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Study: Sleep deprivation can have ‘dire consequences’ for everyone

When sleep-deprived, “Individuals working critical jobs may put themselves and [others] at risk,” one researcher said

EAST LANSING, Mich. — A new study from Michigan State University reveals people who work “critical jobs” while sleep-deprived may be putting themselves and others at risk more than previously thought, MSUToday reported.

The study specifically examined “the level at which distractions hinder sleep-deprived persons’ memories and challenge them from successfully completing tasks,” according to Kimberly Fenn, associate professor of psychology and director of the MSU Sleep and Learning Lab.

Fenn and her research team asked 234 people to work on a sequence-based procedure that required following steps in order. Participants were periodically interrupted and had to find their place in the steps again each time. At midnight, half of the groups were allowed to sleep while the other half stayed up all night.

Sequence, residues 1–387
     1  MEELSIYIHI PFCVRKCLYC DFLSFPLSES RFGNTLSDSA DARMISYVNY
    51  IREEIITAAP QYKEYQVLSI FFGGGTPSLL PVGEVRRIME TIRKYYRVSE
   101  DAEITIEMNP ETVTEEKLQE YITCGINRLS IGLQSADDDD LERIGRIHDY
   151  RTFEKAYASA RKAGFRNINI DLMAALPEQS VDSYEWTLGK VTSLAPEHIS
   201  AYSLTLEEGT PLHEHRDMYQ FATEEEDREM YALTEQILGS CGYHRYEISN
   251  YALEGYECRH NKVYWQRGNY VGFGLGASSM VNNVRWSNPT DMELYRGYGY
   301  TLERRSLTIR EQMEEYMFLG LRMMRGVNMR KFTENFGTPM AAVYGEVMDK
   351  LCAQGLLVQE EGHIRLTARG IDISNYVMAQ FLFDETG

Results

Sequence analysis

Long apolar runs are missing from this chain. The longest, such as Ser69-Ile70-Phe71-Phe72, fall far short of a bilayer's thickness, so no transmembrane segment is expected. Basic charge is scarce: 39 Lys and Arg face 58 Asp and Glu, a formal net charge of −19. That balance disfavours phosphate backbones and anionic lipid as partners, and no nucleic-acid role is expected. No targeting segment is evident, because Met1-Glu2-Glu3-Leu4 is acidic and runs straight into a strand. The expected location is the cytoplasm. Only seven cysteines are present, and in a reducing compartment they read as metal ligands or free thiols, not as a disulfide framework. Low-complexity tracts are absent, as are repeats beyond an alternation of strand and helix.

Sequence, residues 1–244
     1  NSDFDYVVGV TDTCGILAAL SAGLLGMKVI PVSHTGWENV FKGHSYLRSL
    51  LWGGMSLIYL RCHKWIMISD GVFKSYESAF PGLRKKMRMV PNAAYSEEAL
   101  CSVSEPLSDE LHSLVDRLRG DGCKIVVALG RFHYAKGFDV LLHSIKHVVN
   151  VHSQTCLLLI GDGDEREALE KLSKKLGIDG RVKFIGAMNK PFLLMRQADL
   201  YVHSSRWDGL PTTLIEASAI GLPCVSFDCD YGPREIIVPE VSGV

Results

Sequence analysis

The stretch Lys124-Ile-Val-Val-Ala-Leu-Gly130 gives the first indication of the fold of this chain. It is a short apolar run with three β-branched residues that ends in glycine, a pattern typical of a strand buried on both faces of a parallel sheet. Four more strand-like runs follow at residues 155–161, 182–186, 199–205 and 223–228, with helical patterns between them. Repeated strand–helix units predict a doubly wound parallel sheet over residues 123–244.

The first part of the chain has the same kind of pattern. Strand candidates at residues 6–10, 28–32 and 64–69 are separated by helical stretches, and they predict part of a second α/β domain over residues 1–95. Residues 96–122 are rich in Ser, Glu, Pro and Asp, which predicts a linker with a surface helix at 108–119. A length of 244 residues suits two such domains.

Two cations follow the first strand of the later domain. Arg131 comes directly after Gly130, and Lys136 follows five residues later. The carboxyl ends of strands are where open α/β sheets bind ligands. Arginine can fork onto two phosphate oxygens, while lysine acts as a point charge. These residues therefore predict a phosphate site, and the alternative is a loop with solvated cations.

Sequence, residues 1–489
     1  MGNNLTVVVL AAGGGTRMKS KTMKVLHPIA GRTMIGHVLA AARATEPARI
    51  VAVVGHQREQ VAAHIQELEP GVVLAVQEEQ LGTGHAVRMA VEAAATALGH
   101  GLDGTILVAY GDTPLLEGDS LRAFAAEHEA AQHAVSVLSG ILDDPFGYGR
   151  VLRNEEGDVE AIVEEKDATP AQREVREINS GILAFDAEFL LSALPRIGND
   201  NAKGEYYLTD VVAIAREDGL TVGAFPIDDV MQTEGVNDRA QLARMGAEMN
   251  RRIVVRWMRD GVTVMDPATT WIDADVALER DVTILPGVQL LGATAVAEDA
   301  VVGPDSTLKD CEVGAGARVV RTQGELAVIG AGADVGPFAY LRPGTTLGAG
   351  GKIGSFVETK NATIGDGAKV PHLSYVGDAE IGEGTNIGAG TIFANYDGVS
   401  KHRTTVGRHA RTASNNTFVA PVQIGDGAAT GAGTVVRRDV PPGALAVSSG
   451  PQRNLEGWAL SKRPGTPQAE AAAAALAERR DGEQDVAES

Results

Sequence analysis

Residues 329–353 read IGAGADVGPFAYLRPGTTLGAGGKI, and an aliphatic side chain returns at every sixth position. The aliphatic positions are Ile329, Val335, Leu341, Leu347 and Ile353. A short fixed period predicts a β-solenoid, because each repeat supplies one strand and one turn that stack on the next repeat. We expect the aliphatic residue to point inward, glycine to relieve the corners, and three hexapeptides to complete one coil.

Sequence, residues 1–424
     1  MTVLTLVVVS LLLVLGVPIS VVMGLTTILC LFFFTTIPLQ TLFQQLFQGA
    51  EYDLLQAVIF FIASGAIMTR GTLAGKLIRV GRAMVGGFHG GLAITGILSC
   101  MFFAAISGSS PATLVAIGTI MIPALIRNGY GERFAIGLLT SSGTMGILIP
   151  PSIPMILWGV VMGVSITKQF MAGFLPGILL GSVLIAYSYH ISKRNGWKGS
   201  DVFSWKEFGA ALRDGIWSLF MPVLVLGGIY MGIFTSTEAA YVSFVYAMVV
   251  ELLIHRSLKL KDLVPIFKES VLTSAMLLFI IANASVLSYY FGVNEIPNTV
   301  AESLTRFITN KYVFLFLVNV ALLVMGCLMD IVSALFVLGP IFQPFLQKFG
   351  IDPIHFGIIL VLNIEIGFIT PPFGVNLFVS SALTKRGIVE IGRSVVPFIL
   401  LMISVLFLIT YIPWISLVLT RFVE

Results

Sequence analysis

Fenn published her findings in the Journal of Experimental Psychology: General. Her team found that sleep-deprived people were much more likely to make mistakes during the task than people who were well-rested.

“All participants met performance criteria in the evening, but roughly 15 percent of participants in the sleep-deprived group failed in the morning, compared to 1 percent of those who slept,” she told MSUToday. “Furthermore, sleep-deprived participants not only showed more errors than those who slept but also showed a progressive increase in errors associated with memory as they performed the task.”

“Operating with reduced cognitive capacity has wide-ranging effects,” Fenn said. “Individuals working critical jobs may put themselves and other members of society at risk because of sleep deprivation. It simply cannot be overlooked.”